Trouble Is Our Business

General Douglas MacArthur had it wrong: Old soldiers don't die or fade away--they go high tech. Some 2,000 of the nation's military elite have enlisted in a database owned by Military Professional Resources Inc. (MPRI) in Alexandria, Va. As Information Age mercenaries, they're doing everything from briefing Swedish troops on Operation Desert Storm to coaching U.S. officers on managing GIs.

The eight-year-old company, located within a Scud missile's range of the Pentagon, provides an array of services to clients domestic and foreign. With U.S. defense spending way down, the privately held concern estimates that overseas sales will account for nearly 40% of billings this year, helping double revenue, to almost $12 million. There are some risks to that growth strategy: Earlier this year, MPRI tactical expertise was credited with helping Croatia gain militarily against Bosnian Serbs. The company was also blamed for helping establish a worrisome new power in the Balkans.

Most consultants would exult in the spotlight, even if undeserved. Not MPRI. Company officials insist its Croatian contract--licensed by the State Dept.--was simply for sociology lessons on turning communist-trained soldiers into more democratic troops. "People think we're doing something we're not doing," fumes Harry E. Soyster, vice-president for international operations and former head of the Defense Intelligence Agency. Some analysts say he has a point: MPRI has too high a profile to run a covert operation that would violate the arms embargo in the Balkans, they contend.

SURPRISE TURN. The Pentagon has trained foreign officers for years, but privatizing and exporting U.S. military knowhow is a new twist. Classroom training may not be as swashbuckling as the forays of mercenaries. But "it's a real franchise, if you can find a customer," says Loren B. Thompson of the Alexis de Toqueville Institution, a conservative think tank.

Training foreign armies wasn't the plan when MPRI was launched in 1987. The company was the brainchild of a group of retired Army officers brought together by a consultant. Their mission: review a report on using computers to teach soldiers. The former generals had a field day making suggestions--and realized their military experience was a valuable commodity. Unlike some other Beltway consultants, they set out to sell "a bona fide product to the government," says Robert D. Wood, MPRI's chief operating officer.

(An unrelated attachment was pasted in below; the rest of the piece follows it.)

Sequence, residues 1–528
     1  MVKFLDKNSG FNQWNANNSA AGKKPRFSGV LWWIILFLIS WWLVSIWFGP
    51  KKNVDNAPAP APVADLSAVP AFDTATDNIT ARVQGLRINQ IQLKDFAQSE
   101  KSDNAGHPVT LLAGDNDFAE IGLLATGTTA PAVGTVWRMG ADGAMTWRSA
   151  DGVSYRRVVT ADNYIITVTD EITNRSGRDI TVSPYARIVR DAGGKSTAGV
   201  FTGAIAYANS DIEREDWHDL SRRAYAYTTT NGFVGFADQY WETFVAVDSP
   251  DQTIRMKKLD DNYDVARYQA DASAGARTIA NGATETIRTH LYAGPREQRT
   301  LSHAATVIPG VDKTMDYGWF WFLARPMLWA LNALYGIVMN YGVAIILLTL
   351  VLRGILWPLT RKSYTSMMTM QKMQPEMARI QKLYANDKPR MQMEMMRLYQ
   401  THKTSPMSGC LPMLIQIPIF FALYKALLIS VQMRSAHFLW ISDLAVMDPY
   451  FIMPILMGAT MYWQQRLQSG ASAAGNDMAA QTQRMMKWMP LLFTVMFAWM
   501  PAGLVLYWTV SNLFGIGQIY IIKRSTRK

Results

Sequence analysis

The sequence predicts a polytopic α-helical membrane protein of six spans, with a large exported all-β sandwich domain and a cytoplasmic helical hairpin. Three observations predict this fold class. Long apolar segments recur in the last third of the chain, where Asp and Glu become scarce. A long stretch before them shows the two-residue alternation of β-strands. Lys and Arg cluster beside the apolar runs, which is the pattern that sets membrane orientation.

These days, MPRI cruises cyberspace for new business opportunities offered by the Defense Dept. on the Internet. The hourly rates for the company's consultants are a trade secret, but they're a fraction of the $450 an hour Wall Street lawyers charge. That has helped MPRI snare a series of competitively bid Pentagon contracts for such things as writing field manuals and analyzing the cost-effectiveness of storage equipment.

To help expand the company's reach overseas, MPRI brought in Soyster and former Army Chief of Staff Carl E. Vuono, a mentor of Colin L. Powell and architect of the Army's modernized training regime. MPRI advertises in military journals for foreign clients.

THRIFTY MOVE. Woods admits the venture might never have been launched if its founders had foreseen the radical changes the defense business would undergo. But Soyster is confident that the company, which has grown from 5 to 165 full-time employees, can survive even more defense cuts. He figures it's a lot cheaper to hire gray-hairs from MPRI than to have the Pentagon fly in its own commanders--with their families--from Japan or Berlin. "You get the same or greater experience," he says. MPRI isn't exactly profit-gouging either: It expects travel costs and payments to specialists to limit profits to a minuscule $230,000 this year.

Of course, MPRI's success depends on Washington and other capitals having some cash to spend on its services. The company is betting that, like the old soldiers on its payroll, the global market for its information and experience won't fade away anytime soon.


Recent business for Military Professional Resources

TAIWAN AND SWEDEN Held seminars on Operation Desert Storm and the lessons to be learned from the U.S. victory over Iraq

CROATIA Designed courses for the armed forces on how to convert from the communist armed-forces model to a democratic one, including how the military should deal with elected civilian leaders and how officers should treat enlisted soldiers

PENTAGON Wrote manuals on such issues as joint tactical-missile defense and analyzed cost-effectiveness of an equipment-deployment and storage system

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